Gokul Baskota contradicts PM Oli and himself in ParliamentThe government spokesperson asserts Monday’s gathering was not a teleconference Cabinet meeting, but Oli’s and his own tweets say otherwise.
Minister for Communication and Information Technology Gokul Baskota, who is also the government’s spokesperson, on Thursday told the House of Representatives of the Federal Parliament that the government had not convened its Cabinet meeting on Monday through video conferencing.
But Baskota’s denial invited criticism from lawmakers, opposition party and the media. Criticism began when tweets from Prime Minister KP Sharma Oli and his chief advisor Bishnu Rimal started to circulate, indicating that teleconferencing had indeed been used for the meeting.
Critics are questioning the legality of such a meeting and the data security implications posed by it.
Oli and Rimal both tweeted photos of the meeting, with tweets that stated that the Cabinet’s first teleconference meeting had successfully been conducted from Singapore. “I would like to thank technology and technicians. For the first time, we could hold the cabinet meeting from Singapore through telepresence. Thank you to all the members of the cabinet and all the helping hands of the secretariat of the office of the prime minister and council of ministers,” Oli tweeted.
While Rimal tweeted, with some photos, “From Singapore to Kathmandu: For the first time Cabinet meeting is sitting through teleconference.”
However, Baskota outrightly denied to the federal parliament that the Cabinet meeting was held through video conferencing. He insisted that the prime minister was just saying hello to his ministers from Singapore.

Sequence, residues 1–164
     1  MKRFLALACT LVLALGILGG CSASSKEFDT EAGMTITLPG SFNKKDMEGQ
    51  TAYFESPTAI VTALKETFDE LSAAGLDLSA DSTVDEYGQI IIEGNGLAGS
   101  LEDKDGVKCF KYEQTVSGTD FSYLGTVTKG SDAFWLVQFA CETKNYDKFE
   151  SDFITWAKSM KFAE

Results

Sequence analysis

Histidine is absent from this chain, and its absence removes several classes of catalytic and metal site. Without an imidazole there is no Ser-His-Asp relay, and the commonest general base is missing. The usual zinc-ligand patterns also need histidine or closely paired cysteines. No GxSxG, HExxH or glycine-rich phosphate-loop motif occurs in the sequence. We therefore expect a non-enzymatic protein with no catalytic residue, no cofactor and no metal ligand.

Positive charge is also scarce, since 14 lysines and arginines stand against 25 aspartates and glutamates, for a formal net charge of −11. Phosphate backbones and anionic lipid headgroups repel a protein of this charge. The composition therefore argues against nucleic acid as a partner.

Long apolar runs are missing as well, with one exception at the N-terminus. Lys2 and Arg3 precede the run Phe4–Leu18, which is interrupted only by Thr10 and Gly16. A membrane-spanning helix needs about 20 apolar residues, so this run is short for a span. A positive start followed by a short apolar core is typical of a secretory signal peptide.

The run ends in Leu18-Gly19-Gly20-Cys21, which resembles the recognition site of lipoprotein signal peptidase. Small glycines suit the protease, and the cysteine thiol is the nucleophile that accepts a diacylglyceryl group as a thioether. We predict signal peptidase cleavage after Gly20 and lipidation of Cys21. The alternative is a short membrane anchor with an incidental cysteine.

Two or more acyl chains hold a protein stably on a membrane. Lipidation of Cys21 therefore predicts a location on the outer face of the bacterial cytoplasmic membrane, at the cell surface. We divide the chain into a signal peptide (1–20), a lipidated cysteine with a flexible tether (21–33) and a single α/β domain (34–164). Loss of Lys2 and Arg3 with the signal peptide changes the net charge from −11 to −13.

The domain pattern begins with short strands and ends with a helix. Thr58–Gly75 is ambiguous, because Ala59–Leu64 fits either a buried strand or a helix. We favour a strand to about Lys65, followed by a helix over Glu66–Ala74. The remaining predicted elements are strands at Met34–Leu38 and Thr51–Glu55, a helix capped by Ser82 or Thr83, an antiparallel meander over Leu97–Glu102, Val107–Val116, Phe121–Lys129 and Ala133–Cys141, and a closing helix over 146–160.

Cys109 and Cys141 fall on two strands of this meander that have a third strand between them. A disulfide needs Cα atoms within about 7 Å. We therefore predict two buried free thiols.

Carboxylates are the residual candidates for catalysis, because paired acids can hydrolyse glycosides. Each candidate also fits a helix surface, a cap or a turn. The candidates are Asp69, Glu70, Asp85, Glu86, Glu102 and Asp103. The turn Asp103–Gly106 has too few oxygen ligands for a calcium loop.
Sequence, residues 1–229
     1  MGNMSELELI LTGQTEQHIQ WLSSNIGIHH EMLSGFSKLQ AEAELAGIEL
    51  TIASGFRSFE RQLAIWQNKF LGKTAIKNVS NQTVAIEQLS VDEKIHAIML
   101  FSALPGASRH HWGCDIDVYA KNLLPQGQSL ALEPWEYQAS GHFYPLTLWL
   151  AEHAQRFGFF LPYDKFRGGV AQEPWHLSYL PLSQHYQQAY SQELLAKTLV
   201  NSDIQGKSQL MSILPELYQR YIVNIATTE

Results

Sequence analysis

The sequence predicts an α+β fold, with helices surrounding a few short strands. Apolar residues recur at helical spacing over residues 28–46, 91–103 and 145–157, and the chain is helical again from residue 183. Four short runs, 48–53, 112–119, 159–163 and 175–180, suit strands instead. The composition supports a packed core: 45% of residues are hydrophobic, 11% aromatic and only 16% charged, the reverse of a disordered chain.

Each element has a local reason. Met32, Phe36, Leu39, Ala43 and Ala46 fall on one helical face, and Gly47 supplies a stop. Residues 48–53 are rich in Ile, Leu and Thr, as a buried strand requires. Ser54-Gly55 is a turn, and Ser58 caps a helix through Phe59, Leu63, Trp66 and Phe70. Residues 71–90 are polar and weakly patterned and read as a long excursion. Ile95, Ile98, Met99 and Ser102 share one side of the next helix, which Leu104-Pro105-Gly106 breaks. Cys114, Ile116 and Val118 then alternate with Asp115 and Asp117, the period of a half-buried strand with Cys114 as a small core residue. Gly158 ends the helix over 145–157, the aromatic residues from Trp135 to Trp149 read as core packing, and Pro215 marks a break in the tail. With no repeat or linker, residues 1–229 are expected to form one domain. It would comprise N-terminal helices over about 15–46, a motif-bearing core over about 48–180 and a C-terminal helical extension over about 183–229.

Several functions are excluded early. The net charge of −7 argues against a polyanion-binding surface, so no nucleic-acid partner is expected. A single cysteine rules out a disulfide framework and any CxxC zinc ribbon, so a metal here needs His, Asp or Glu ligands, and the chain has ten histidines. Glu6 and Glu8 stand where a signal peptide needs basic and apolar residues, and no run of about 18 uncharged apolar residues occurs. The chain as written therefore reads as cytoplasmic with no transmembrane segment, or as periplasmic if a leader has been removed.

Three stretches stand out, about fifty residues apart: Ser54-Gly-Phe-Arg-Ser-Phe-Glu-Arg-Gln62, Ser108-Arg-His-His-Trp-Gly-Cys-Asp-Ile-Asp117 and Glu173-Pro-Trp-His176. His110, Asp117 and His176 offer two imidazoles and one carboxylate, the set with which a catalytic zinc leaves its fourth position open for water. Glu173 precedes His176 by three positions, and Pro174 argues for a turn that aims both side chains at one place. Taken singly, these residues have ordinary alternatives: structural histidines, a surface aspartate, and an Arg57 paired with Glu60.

However, many lawmakers including Pushpa Bhusal, Prakash Rasaili Snehi and Prem Suwal are unconvinced. Lawmakers are also questioning the legality of the presence of the acting Prime Minister Ishwor Pokhrel in the meeting. “How can a cabinet meeting have two prime ministers?” said Rasaili in Parliament.
Baskota, however, reiterated that the meeting was not a Cabinet meeting and Pokhrel’s position as acting prime minister would not remain once Oli returns home.
Despite Baskota’s denial, his own tweet, on Thursday, seemed to confirm that Monday’s meeting was indeed a Cabinet meeting.
“This is to inform all that today’s press meet has been stalled because the last Cabinet meeting did not take any decision after last week’s press meet,” Baskota tweeted.
Following Tuesday’s parliamentary meeting, Nepali Congress leader and former minister Gagan Thapa questioned who was saying the truth: Prime Minister Oli or Minister Baskota. “Dear PM, spokesperson Gokul Baskota has claimed that Monday’s meeting was not a Cabinet meeting. Who among you two is the liar?” Thapa posted a tweet, retweeting the prime minister’s tweet from Monday.
A lawmaker representing Nepal Workers and Peasants Party Prem Suwal said that lying in Parliament was a serious betrayal to the people. “It’s a serious betrayal to the people’s verdict with which government has been formed,” Suwal told the Post.